For luxury fashion brands that have long relied on their prestige and exclusivity to court new customers, change is afoot. As they face up to a pandemic-induced recession and young shoppers who are digitally-savvy and socially conscious, how are they adapting to earn and maintain loyalty?
Mimma Viglezio is a creative consultant. She was formerly an editor at SHOWstudio and Lula Magazine, and has also worked at PPR (now Kering), the Gucci Group, and was the communications director at Louis Vuitton.
George Serventi is a fashion journalist and illustrator who graduated from Central Saint Martins in 2019 after launching satirical fashion platform Skip Dinner. He writes for LOVE Magazine among other publications.
Bryant Lee is a senior buyer at MACHINE-A, an e-commerce platform with a physical space in London’s Soho.
Joseph Brunner is an assistant menswear buyer at Browns, a fashion boutique based in London.
Lara Johnson-Wheeler is a writer, editor and broadcaster. Formerly features editor at SHOWstudio, she contributes to London-based platforms including LOVE and Vogue, as well as V Magazine. She is features editor at Dapper Dan, contributing editor at Tatler and is a consultant for non-binary fashion brand ART SCHOOL. She also dabbles in luxury copywriting – contributing to Browns on a freelance basis – and public speaking, chairing panel discussions and debates.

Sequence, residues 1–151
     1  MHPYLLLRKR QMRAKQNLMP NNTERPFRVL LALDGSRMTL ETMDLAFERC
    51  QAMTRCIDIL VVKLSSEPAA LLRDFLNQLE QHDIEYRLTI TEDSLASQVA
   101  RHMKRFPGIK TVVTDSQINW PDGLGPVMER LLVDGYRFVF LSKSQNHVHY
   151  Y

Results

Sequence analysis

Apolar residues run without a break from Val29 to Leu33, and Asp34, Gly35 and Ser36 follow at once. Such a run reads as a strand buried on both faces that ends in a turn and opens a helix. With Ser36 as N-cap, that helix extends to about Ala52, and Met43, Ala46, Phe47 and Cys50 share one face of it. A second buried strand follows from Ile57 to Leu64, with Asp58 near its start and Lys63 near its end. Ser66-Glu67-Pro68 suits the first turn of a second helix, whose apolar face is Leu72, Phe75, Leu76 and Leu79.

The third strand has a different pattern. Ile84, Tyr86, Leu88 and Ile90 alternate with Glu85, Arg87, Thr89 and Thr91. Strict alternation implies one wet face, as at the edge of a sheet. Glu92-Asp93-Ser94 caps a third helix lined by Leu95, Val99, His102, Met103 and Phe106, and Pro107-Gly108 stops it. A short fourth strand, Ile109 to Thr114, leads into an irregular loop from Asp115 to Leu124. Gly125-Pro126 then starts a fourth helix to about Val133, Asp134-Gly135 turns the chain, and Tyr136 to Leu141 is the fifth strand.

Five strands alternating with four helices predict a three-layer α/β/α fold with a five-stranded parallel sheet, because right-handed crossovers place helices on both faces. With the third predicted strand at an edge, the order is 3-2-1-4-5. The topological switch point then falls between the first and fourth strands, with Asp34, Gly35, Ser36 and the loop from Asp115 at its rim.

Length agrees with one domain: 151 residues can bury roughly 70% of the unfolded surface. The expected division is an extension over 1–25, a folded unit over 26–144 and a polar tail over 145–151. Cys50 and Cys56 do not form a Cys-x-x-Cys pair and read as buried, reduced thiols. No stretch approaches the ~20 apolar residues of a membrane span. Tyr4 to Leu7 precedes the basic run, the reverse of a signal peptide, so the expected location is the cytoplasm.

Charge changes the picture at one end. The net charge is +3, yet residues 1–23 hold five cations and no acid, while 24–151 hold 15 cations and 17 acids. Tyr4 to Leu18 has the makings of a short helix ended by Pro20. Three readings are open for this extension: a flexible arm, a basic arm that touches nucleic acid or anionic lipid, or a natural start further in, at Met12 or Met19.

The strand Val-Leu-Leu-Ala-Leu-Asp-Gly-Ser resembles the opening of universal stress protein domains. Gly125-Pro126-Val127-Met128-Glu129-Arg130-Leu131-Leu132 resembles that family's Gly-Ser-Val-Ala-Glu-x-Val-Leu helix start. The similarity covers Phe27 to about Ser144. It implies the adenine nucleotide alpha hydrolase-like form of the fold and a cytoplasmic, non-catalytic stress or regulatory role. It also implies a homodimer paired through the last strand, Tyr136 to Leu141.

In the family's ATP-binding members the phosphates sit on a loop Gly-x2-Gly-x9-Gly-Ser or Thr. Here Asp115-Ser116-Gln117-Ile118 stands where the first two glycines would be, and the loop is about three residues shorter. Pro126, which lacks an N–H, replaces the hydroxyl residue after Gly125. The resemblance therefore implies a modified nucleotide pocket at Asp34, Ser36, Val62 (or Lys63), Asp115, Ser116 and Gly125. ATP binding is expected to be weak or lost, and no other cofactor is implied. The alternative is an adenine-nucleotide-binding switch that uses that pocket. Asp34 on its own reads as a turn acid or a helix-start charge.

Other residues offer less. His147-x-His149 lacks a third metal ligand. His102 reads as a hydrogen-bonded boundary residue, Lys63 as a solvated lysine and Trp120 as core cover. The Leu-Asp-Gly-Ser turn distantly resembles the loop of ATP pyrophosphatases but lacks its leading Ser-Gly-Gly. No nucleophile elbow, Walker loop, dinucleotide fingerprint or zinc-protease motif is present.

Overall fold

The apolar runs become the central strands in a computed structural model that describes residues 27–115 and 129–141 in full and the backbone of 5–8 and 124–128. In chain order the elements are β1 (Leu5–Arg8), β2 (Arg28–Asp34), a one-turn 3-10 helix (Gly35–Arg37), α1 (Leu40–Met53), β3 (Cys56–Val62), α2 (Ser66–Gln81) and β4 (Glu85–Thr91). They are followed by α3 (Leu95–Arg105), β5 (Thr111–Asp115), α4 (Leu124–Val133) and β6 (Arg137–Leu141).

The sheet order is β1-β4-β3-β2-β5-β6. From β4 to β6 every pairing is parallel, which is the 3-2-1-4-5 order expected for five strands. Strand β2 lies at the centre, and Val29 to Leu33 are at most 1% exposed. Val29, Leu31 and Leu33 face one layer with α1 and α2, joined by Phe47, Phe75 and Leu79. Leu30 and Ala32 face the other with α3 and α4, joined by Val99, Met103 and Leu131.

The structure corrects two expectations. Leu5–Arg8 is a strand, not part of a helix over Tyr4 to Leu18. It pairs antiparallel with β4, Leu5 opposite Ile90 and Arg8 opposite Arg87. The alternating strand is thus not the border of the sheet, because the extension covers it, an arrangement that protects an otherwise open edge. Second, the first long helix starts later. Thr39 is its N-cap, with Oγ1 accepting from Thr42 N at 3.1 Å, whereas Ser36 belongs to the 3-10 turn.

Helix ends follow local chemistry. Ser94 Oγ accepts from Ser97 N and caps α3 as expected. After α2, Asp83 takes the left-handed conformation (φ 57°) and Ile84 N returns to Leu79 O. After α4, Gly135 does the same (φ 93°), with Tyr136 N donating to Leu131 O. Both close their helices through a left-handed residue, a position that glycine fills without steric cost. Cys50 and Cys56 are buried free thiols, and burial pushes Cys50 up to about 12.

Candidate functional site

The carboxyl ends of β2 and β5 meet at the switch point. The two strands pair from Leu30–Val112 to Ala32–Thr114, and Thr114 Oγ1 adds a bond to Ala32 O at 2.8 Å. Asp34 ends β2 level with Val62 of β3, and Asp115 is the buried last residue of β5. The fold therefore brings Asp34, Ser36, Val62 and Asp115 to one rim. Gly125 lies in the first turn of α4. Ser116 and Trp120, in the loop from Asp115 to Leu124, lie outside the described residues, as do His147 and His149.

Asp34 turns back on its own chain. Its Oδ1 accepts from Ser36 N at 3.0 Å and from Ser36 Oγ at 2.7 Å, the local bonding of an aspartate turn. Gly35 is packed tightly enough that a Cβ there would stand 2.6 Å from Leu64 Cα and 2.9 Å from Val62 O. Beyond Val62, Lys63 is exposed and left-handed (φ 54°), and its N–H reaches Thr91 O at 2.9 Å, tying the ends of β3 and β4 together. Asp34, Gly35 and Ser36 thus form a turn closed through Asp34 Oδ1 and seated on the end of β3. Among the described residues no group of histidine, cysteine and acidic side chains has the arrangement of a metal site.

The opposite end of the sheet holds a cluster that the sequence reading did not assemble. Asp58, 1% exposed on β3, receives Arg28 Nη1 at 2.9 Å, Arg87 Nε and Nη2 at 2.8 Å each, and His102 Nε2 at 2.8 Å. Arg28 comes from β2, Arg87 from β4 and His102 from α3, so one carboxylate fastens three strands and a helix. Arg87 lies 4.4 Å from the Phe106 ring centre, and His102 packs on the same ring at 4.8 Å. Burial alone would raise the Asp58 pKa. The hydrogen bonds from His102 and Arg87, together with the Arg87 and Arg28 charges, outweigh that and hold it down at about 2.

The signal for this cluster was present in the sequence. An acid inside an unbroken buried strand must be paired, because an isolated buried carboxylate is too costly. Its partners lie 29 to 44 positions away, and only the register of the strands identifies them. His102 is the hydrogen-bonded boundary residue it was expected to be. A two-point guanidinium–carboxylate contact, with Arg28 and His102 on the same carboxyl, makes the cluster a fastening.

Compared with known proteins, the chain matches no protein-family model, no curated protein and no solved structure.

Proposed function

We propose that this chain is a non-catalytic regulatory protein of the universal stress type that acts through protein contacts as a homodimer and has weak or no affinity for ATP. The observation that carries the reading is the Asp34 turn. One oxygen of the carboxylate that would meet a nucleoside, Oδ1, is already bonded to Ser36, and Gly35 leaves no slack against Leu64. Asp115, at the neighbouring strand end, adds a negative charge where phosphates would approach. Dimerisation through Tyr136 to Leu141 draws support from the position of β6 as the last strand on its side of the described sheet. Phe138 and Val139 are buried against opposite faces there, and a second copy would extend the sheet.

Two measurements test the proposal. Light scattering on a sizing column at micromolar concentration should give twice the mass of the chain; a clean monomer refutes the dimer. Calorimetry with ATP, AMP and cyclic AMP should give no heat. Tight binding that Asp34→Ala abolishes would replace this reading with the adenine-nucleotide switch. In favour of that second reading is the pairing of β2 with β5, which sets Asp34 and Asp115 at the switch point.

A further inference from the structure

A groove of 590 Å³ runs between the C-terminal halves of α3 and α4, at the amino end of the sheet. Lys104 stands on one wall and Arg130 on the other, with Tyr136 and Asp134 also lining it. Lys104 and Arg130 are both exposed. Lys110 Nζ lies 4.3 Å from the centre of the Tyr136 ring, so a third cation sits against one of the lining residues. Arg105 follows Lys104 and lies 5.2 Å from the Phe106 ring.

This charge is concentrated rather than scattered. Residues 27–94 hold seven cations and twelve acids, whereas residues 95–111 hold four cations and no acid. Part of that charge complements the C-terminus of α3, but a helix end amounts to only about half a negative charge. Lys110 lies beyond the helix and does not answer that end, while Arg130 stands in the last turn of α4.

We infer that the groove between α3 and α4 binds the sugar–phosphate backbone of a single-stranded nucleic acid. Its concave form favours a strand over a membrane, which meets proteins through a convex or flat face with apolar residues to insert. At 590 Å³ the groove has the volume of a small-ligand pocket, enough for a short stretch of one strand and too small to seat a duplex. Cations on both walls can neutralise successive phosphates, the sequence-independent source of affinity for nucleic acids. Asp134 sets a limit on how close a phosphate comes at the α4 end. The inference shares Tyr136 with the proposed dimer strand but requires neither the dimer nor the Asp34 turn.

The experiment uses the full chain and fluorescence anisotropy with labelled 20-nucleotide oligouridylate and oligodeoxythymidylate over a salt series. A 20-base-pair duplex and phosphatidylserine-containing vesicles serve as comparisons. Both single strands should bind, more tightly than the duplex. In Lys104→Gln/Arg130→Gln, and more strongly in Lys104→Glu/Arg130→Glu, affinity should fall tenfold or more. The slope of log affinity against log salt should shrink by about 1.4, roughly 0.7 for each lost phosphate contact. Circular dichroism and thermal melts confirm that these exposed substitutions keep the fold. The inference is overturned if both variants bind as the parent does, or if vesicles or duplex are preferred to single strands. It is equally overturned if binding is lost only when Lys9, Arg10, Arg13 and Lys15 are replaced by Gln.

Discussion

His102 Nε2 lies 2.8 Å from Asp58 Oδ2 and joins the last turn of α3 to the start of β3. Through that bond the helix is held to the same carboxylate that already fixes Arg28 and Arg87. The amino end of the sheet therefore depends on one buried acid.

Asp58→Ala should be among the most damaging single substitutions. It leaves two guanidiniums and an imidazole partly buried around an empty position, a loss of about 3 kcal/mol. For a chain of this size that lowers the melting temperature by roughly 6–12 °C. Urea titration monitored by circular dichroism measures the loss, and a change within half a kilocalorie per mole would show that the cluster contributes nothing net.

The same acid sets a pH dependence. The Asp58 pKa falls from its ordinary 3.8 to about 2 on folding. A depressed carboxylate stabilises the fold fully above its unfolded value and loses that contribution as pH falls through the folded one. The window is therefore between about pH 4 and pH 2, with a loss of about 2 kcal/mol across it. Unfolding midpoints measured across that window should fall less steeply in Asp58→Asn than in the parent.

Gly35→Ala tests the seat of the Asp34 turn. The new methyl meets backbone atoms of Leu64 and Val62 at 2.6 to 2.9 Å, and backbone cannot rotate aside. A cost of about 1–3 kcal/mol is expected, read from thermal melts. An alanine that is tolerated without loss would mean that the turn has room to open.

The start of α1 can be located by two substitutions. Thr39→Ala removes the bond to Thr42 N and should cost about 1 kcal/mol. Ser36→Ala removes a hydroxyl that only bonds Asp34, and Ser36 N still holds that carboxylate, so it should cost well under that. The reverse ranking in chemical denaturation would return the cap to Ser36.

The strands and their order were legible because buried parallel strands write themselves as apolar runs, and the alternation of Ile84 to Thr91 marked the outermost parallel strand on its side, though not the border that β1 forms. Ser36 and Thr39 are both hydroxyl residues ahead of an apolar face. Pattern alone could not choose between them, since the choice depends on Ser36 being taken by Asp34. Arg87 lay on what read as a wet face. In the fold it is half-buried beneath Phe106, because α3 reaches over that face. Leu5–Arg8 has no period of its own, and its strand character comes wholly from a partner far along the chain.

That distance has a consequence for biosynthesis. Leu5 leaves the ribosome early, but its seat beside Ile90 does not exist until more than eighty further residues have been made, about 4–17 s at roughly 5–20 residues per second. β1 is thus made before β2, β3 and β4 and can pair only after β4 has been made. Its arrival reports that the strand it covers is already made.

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As fears of a recession cause purse-strings to tighten, luxury brands are searching for new ways to reach audiences. Having long relied on the in-person experience, how are fine jewellery firms tackling this challenge? And what will HNWIs prioritise when buying high-end accessories post-pandemic?
Branded merchandise was once solely found at business conventions and in the wardrobes of fervent fans, but it’s enjoying a renaissance as Gen Yers and Zers seek new ways of expressing their identity. What does this resurgence reveal of the shifting nature of consumer-brand relationships?
As people spend more time at home under lockdown, loungewear is experiencing solid growth. But beyond being just a comfortable indoor option, they’re becoming a status symbol for shoppers – Entireworld’s pastel hues and eco-friendly basics tap sustainability-keen luxury buyers.